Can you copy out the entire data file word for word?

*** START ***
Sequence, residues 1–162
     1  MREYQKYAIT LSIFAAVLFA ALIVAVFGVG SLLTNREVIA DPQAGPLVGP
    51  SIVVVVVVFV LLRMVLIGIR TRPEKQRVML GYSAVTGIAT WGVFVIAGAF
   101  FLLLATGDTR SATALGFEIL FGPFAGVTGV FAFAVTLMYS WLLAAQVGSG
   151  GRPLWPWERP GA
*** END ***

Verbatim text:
Sequence, residues 1–162
     1  MREYQKYAIT LSIFAAVLFA ALIVAVFGVG SLLTNREVIA DPQAGPLVGP
    51  SIVVVVVVFV LLRMVLIGIR TRPEKQRVML GYSAVTGIAT WGVFVIAGAF
   101  FLLLATGDTR SATALGFEIL FGPFAGVTGV FAFAVTLMYS WLLAAQVGSG
   151  GRPLWPWERP GA